Monday, November 12, 2007

Cotelydon orbiculata

Cotelydon orbiculata
Native to Africa, this genus of succulents, comprising mostly shrublets, form clumps with age. The leaves are arranged in pairs, and the flowers are mostly bell-shaped yellowish, orange or red in colour.
Cotelydon orbiculata grows to 60cm and has leaves that are thickly coated with a white waxy bloom.
They prefer a well drained, reasonably rich soil. They are frost sensitive.
I have serveral clumps of theses wonderful succulents planted on the west side of my house where they receive some shade in the morning and all the hot afternoon sun. They suffer minor damage from the quite servere frost we experience.
Easy to propogate from cuttings in spring or summer.
* I will post a picture of them when they begin to flower in the new few weeks.

Tuesday, November 06, 2007

Get set for Summer!

With summer fast approaching now is the time to be getting your garden ready before the dry, hot weather arrives.
Currently the water restrictions have been eased to Stage 1 which is some what of a suprise but never the less a welcome bit of relief.
Now is the ideal time to be getting a spot of planting underway. The ablity to be able to give them a good establishment time with the available water will make a huge difference to their ability to survive the fast approaching summer.
Time also to get onto mulching the garden with a good 75mm of mulch to help retain moisture.
I find that now is a great time to apply a general feed to the garden. A healthy happy plant can withstand the harsh elements far better than a plant under stress.
I like to use a liquid product that can be applied and accessable to the plants straight away. Products such as Charlie Carp, act as a root stimulant which will keep the plants healthier and happier as it will improve their ability to search for water, air and nutrients deeper in the soil. The fish oil also coats the leaves of plants smothering any fungus which might have decided to live on your plants and the those lovely little bugs tend to be very unimpressed with fishy tasting leaves!
Daylight savings is a great opportunity for those who work long hours to be able to get some great garden therapy. An hour in the garden each day will make a huge difference to both you and your garden.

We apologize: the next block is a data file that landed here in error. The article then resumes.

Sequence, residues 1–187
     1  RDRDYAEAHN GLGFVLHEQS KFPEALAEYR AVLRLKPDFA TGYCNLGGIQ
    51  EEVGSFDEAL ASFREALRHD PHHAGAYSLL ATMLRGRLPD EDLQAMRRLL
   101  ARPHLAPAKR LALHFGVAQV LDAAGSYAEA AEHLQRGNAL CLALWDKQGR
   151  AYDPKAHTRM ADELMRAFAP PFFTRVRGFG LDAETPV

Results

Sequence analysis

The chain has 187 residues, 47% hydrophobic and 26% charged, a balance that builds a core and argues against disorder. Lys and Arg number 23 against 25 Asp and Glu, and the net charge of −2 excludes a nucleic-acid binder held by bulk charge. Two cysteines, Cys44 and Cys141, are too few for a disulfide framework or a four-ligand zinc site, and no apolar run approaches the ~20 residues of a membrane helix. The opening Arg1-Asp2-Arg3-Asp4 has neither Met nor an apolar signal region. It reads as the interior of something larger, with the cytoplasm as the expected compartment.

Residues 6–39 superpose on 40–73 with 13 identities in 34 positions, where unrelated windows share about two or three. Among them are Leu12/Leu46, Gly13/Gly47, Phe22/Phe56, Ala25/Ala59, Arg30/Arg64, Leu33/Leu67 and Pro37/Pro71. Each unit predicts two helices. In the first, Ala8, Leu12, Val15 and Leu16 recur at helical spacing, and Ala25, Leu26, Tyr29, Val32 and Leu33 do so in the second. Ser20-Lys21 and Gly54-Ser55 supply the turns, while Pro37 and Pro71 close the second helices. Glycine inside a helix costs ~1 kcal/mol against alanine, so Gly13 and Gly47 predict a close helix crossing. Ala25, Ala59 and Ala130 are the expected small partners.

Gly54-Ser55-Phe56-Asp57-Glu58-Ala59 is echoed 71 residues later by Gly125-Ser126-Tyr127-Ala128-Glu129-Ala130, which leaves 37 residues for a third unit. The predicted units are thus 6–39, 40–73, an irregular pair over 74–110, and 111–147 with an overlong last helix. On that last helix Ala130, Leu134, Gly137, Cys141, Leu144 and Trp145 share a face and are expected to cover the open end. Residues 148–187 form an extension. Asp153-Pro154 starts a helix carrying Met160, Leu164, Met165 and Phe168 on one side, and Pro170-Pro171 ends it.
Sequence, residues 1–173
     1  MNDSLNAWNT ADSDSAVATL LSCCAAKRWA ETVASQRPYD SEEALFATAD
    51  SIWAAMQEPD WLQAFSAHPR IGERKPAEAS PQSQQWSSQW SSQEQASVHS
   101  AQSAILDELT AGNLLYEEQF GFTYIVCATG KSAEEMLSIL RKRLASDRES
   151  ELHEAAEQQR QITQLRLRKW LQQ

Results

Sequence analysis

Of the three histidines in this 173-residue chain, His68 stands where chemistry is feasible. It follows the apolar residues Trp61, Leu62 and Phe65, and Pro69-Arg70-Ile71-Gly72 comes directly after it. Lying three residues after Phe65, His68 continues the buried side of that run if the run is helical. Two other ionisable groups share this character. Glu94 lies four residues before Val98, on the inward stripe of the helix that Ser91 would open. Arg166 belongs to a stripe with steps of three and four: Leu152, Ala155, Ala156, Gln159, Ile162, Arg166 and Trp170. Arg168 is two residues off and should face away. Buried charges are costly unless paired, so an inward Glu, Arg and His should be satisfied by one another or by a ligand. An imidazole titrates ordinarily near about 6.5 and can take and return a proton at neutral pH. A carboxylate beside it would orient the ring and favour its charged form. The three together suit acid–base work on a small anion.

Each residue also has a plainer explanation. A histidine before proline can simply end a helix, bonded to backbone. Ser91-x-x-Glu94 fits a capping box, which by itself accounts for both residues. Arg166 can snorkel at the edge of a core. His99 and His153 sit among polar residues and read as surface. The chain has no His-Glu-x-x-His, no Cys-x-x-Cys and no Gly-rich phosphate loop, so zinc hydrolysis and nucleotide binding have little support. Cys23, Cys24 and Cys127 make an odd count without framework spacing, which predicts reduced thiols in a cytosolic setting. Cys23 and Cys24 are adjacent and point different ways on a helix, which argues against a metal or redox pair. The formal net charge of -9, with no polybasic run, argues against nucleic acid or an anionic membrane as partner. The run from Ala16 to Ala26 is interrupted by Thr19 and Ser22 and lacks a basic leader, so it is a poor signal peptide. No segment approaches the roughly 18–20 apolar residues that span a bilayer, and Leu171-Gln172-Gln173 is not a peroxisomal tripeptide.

So go on and get your garden 'Flourishing' today.

Michelle x

Arthropodium cirratum - Renga Renga Lily

Arthropodium cirratum - Renga Renga Lily

An attractive, hardy perennial from New Zealand, which bears graceful sprays of starry white flowers on stems up to 60cm high in late spring. The broad, handsome strap-like foliage has a distinct bluish hue and clumping to 1 metre.
Will grow in most soil types and has a very low water requirement once established. It is drought tolerant, but frost tender. Ideal for coastal conditions. Spent flowers can be trimmed away from the base of the stem. Feed with a long term, slow release fertiliser in spring.
Also recommended is the use of a slug/snail repellant. They thrive in our warmer climate in a dry shade position under the canopy of taller trees.
They make a wonderful display mass planted and are looking a picture in my garden at the moment!

Tuesday, October 16, 2007

Malus ioensis 'Plena' - Bechtel Crab Apple

Growing to approximately 6m high, this leafy tree has a rounded growth habit and good autumn colour. It prefers slightly acidic, well drained soil in full sun or part shade. Once established this hardy deciduous tree has low water and mimimal maintenance requirments.

It is one of the last crab apples to flower and one of the finest. The lovely double pink flowers are in abundance and is looking just a picture in garden at the moment.

It is good to consider using blossom trees in the garden that will be out in full bloom at different times to others. It will certainly extend the viewing pleasure of the garden and allow you to enjoy each one as it flowers.

Tuesday, October 02, 2007

Waterwise garden Design Tips :

Take the time to indentify different areas in your own garden that will give you clues on where to situate plants with particular water requirements:

  • Under the eaves of the house, the soil is often very dry. Very few plants will like this situation.
  • Walls and fences will have a rain shadow. Plant all plants including climbers at least 300mm from the bottom of a wall or fence.
  • East and south facing sides of the garden are likely to be shade for most of the day which will mean they will retain more moisture.
  • The bottom of a slope will be damper than the top. It may seem obvious but many people forget.

Wednesday, September 05, 2007


Welcome tothe Flourish Lanscapes blog page.

I will endeavour to fill these pages with interesting gardening and design tips to help you create your own piece of paradise even in these days of drought and water restrictions.

We are currently at stage 4 water restrictions, so that is, and will in the future, impact quite heavily on our gardening practices and plant choices.

What are the best plants to choose for a waterwise garden?
Native versus exotic plant species!

Truth is both native and exotic species are quite relevant for our gardens but the trick is to use the right plants in the right place to make the best possible garden.